Swarm, Hive, Web: Considering Media Archaeological Approaches to Events and Objects
Society of Cinema and Media Studies
Seattle WA, March 19-23, 2014
In an age of ascendant social media, have the mass public, the viewing community, the prosumer been replaced by the swarm, the hive, the nodal collective? This panel will examine recent media archaeological theories and models of decentered and networked phenomena, especially with an eye to the advantages and limits of such approaches.
In Insect Media, Jussi Parikka suggests that in the age of networked media, individuation has become nodal and ephemeral, that the swarm and the hive become better models for understanding a range of networked phenomena, and that swarming is “exemplary of the future forms of diagrammatic control in bioinformatic networks and represents…a particular emerging form of diagrammatics of network biopolitics.” This approach de-emphasizes individual acts and effects, favoring a mode of analysis that operates within and through the same modalities it considers. What are the strengths and weaknesses of such approaches. What is their relationship to previous models and theories of mediated existence, and of media themselves? This panel is meant to serve as a forum for media theorists, critics, and practitioners engaged with networked phenomena, or who want to consider new tools for the study of objects, events, and persons in mediated social systems.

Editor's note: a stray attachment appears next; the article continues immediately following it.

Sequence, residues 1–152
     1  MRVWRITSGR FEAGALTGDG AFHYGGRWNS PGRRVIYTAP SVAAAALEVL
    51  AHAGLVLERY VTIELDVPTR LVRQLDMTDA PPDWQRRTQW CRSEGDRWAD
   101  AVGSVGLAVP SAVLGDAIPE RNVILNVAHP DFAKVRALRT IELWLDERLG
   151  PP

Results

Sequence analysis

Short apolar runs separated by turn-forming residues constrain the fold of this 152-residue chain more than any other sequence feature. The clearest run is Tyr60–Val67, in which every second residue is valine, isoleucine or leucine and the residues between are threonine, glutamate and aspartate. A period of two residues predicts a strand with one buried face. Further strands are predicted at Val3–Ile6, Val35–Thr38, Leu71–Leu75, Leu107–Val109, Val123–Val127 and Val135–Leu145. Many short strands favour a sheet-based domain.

Topics may include, but are not limited to:
Swarming, hives, and virality as models for networked society.
Precursors to media archaeology: Kittler, Latour, Deleuze, Simondon, Tarde, etc., and their place in a genealogy of mediated ecologies.
Questions of agency and swarming: studies of non-human agents or human non-agents.
Current articulations of media archaeological theory and related approaches, such as via Sampson and virality or Grusin and premediation, and etc.
Questions about the material logics of media, particularly concerning boundaries between biology and technologies, and their potential impact on theories or practices of biopower.
Military or activist applications of technology using swarms, hives, webs (logics or materials) and its implications for distributed risk and/or distributed accountability.
Please send an abstract of no more than 350 words and a short bio by August 5 to Gloria Kim at email@example.com and Nic Sammond at firstname.lastname@example.org . Determinations will be made by August 12.
Program for Media And Society
Hobart and William Smith Colleges
309 Demarest Hall
Geneva, NY 14456
Cinema Studies Institute
University of Toronto
2 Sussex Avenue
Toronto, ON M5S 1J5
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